The history of cinema is chequered with technical advancements which have each come along at one time or another allowing filmmakers to tell stories in new and interesting ways. There's the birth of parallel editing (as pioneered in The Great Train Robbery) which enabled two simultaneous events to be shown in tandem with each other. Then there's the invention of colour cinematography of course, and more recently things like CGI and motion-capture have drastically widened possibilities. Sometimes though, these technicalities come along and more so prove to be gimmicks than anything else (the invention of 3D for example, or Ang Lee's ridiculous attempts to increase the frame-rate of capture and projection in Gemini Man).
The latest film to pioneer such an advancement is Sam Mendes' World War 1 project 1917 (2019), as it's the first movie on such a scale which attempts to look like one continuous take without cuts or edits. The idea is that this immerses the audience further in what's on screen and puts you on the ground with the characters, and that's a particularly admirable aim in a film which follows the true story of two young soldiers on a seemingly impossible mission across territories to deliver information that will save a troop from certain death. Whether it's a successful technical experiment however is an entirely different matter.
It's not like we haven't seen long continuous takes before of course; recently Sam Mendes himself opened Spectre with a visceral ten-minute tracking shot that followed James Bond through the streets of Mexico City carnival. But it's never before been seen on this scale, and here it has meant that cinematographer Roger Deakins has had to work laboriously with editor Lee Smith to film two hours of footage in just fourty takes and stitch them together into one continuous whole.
It's an impressive feat, and the first thing to say is that it does at least look like one take (apart from one very overt cut in the middle to signify a small passing of time). But far more importantly, it does also miraculously immerse you in the situation of these characters in a way that's astonishingly intimate. You literally follow them on the ground from the moment they're assigned their task right across no-mans land and into uncharted territory, and that means you not only get to see the realities of the war surrounding them in all of its horrifying detail (also enabled by the realism of the production design), but you also get a unique empathy for the characters' journey.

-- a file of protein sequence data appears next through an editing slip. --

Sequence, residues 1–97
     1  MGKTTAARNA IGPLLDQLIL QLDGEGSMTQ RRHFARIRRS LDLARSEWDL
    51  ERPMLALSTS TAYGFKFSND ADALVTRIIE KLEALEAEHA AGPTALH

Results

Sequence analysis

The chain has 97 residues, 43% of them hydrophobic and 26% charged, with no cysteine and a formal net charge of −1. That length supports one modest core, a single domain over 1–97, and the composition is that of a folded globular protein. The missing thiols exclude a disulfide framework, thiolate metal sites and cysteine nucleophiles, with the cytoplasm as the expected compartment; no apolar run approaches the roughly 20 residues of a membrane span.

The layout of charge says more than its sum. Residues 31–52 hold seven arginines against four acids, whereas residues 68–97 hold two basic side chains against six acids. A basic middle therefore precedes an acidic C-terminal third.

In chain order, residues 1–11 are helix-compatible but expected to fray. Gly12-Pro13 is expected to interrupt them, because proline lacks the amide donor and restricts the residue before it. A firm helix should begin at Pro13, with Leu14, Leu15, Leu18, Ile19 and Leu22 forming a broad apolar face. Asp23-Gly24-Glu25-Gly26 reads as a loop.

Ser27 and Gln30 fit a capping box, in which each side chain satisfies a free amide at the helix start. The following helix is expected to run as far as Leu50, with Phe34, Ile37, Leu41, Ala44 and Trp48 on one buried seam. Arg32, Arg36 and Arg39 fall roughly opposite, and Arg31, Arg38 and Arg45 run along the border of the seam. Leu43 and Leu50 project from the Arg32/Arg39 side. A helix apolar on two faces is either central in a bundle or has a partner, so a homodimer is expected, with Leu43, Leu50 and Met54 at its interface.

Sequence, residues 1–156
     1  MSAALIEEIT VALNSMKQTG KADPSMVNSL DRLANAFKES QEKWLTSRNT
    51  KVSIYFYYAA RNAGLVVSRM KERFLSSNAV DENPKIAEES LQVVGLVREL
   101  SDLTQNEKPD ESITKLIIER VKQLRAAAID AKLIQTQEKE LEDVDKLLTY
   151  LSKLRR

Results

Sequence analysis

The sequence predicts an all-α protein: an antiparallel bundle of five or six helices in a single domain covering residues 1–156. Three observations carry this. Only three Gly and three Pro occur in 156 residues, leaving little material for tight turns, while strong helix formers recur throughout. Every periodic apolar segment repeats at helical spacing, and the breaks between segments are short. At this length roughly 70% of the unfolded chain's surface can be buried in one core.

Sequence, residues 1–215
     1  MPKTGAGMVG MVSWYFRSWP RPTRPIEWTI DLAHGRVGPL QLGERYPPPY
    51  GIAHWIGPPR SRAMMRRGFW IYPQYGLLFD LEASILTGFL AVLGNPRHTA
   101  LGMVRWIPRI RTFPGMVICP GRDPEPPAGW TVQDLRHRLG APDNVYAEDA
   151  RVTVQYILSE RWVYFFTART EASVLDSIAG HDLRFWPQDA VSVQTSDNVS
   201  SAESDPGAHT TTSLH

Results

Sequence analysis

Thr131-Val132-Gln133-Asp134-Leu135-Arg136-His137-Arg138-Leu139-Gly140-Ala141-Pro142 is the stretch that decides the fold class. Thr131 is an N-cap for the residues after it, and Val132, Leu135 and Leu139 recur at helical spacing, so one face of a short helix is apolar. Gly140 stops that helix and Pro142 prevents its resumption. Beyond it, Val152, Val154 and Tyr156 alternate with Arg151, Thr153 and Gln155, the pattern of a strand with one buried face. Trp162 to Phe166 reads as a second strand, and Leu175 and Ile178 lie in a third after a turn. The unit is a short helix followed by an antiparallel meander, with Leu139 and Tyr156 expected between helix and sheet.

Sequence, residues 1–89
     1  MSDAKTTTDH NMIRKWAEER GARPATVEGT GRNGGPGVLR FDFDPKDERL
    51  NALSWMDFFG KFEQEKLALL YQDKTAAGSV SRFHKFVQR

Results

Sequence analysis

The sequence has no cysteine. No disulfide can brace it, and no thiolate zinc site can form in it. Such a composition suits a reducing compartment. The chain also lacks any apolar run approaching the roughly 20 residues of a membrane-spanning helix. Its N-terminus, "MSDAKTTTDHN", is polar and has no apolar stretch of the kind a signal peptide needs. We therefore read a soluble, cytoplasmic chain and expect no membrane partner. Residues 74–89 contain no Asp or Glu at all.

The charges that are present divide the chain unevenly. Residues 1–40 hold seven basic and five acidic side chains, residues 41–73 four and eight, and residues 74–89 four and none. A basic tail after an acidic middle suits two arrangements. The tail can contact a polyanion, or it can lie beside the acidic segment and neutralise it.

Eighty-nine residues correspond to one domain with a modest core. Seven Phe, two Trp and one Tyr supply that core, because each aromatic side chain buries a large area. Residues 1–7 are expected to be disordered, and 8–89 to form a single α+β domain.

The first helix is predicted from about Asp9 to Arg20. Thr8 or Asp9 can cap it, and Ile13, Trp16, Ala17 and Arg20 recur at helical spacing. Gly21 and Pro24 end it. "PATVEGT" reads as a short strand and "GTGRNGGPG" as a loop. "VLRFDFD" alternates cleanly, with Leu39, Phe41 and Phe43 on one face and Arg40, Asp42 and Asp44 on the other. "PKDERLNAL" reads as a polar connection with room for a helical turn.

Indeed, with each and every hardship they experience tracked by an ever-watching eye, there's no cutting away from the grueling nature of their task. In fact, because of that it arguably becomes a film which owes greater debts to man-vs-nature movies like The Revenant - or indeed Joe Penna's recent Arctic - than any comparable war movies.
They're shell-shocked, battered and bruised within an inch of their lives after each physically and mentally exhausting assault, and the fact they make it through proves an incredible testament to man's inherent strength in adverse circumstances. That's given extra weight by the fact it's a true story of course, but it's only enabled by the central performances from George MacKay and Dean-Charles Chapman who sell the hardship and underlying determination to complete their mission perfectly.